Friday, October 16, 2015

Where Ruby Slippers Lead

My daughter will dress up as Dorothy from The Wizard of Oz for Halloween.  In preparation, I ordered an exceptionally cute blue-and-white checked dress for the occasion, straight from Amazon Prime.  There will also be, in all likelihood, a woven basket to hold her small pink, stuffed dog  (who, in the absence of a real Toto, must suffice). There will be cute little pigtails bedecked in blue ribbons.  There will be baby blue, ankle-length socks.  But the most important feature of her outfit, the "piece de resistance," must surely go without saying:  The ruby slippers.  

Arguably the most memorable moment of the classic film occurs when Dorothy clicks the heels of those ruby slippers together three times while chanting, "There's no place like home, there's no place like home."  Perhaps a bit cheesily, I always tear up during this scene.  Maybe it's because I'm a girl.  Maybe it's because of the token background violin music that cues up.  Or maybe it's because I think that the phrase is actually true:  There is no place like home.

Between the two of us, my husband and I have lived in a total of 9 states (10 if you count his summer internship at NASA in D.C).  We've gotten to see some amazing sights, experience a wide variety of the American Subculture, and meet some interesting personalities along the way.  It's been great! 

But for me, Washington State is my home.  There's nothing like that rich evergreen fragrance, the majestic mountains, the coast, and the laid-back-flannel-mountain-biker-with-coffee-in-hand stereotype of the Northwest.  Sigh.  I simply love it there.

And for my husband, Kentucky is his home.  There's nothing like those green, rolling hills dressed up with deciduous trees and horse farms.  Banjos, bluegrass, Bernheim and bourbon.  Nothin' like it.  

But here we are now as residents of -- and I'm still not quite sure if it's really hit me yet -- upstate New York.  Let me say that again just to make sure I heard myself correctly:  Upstate New York.  I vaguely remember learning in grammar school that the capital of New York is Albany, and that was pretty much the extent of my knowledge.  Apart from that, I knew that New York boasted a very large city "that never sleeps"; some kind of summer reclining chair called an "Adirondack"; and lots and lots of brash and noisy people who are always honking their car horns at you.  I remember that my general impressions of the Northeast in general were not positive.  I also vividly remember my husband looking me in the eye a few years back and saying quite distinctly, "I will never move to the Northeast."

God has a quirky sense of humor.  I'm so glad He serves me Humble Pie for dessert when I very clearly ask for Chocolate Cream.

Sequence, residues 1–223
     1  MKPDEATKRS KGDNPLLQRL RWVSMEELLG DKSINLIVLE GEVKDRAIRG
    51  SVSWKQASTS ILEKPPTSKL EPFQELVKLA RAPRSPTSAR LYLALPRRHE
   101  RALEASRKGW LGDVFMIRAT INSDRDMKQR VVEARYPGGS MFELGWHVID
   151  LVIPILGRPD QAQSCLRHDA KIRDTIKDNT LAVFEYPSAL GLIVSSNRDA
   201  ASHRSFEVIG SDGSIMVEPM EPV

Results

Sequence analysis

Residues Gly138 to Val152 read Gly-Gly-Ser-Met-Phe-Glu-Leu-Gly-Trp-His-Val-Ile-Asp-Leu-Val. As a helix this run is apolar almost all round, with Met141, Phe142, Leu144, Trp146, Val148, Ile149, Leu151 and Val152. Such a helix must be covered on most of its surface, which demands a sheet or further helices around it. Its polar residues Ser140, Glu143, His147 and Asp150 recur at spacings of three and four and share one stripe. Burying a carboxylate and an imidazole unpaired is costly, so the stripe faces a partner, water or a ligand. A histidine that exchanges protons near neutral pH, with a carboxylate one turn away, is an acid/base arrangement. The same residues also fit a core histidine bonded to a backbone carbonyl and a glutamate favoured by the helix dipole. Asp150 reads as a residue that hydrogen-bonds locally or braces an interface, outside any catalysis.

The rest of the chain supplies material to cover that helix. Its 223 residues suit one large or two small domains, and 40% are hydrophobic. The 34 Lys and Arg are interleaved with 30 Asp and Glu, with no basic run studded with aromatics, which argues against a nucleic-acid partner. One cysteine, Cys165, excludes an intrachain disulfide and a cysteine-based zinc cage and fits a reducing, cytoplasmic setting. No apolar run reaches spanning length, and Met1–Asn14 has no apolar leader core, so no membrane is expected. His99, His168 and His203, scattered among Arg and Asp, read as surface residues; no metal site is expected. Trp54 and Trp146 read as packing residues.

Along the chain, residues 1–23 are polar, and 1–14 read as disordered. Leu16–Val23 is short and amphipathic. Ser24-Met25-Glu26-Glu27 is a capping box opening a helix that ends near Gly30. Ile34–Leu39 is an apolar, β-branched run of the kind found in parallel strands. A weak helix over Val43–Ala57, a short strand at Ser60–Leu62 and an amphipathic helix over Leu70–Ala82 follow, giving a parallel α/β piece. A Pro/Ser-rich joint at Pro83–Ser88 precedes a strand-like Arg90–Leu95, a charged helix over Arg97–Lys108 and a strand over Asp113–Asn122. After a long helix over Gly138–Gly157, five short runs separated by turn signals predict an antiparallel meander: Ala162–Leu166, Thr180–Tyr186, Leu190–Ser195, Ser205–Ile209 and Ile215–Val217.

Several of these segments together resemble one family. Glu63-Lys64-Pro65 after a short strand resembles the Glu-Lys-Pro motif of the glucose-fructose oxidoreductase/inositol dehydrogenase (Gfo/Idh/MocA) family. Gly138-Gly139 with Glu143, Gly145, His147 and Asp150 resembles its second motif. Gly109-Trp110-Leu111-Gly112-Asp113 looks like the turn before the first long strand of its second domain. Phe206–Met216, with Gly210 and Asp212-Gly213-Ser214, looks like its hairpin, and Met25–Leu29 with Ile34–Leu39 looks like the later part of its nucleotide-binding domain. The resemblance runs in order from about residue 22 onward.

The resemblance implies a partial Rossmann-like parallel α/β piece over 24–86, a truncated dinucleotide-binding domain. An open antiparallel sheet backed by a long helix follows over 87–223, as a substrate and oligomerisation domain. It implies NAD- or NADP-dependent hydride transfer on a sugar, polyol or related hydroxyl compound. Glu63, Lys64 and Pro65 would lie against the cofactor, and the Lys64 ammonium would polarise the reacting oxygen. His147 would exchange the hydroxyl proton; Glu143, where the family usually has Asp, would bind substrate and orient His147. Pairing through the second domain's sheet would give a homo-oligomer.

So today marks the one year anniversary of New York State being our home.  It's Fall, and the leaves are changing in glorious splendor, and the mornings are darker, and soon I imagine that snow will be spread across our lawn.  We'll sled on our hill the way we did last year.  Then Spring will come, and Lilia will help our elderly neighbors plant seeds for a new season, and we'll take walks in the rain.  And then there will be Summer and play dates with neighborhood friends and camping trips in the wooded Adirondacks.  Jerry and I will comment again on how New York looks like a combination of his home and mine, a merging of Washington and Kentucky.  We'll pick apples next Fall, Lord willing, and we'll continue to be surprised at how our impressions of this place were mostly wrong.  

Lilia and I discovered a new library today in Scotia, a charming old converted farmhouse with a loquacious librarian.  She energetically told me all about the history of the building and showed me pictures of it spanning the past century.  She smiled when learning that we moved here one year ago today from Oklahoma, and when we left she wished us a good day, "And welcome to the East Coast!"

The funny thing is that we do feel welcome here.  We feel very welcome, and we feel very at home.  It certainly isn't "home" the way Washington is for me and Kentucky is for Jerry.  If I had a pair of ruby slippers on my feet and said those same words, I would be dreaming of the Columbia River Gorge and Mount Rainier and places with names like Skookumchuck, Clackamas and Willamette.  

This is the place, though, that we now call home.  It's been our home now for one year, and we are hopeful that it will remain our home for some time.  Perhaps it will never be to us a Washington or a Kentucky, a place where we wish Ruby Slippers will lead.  I have a feeling, though, that it might come close.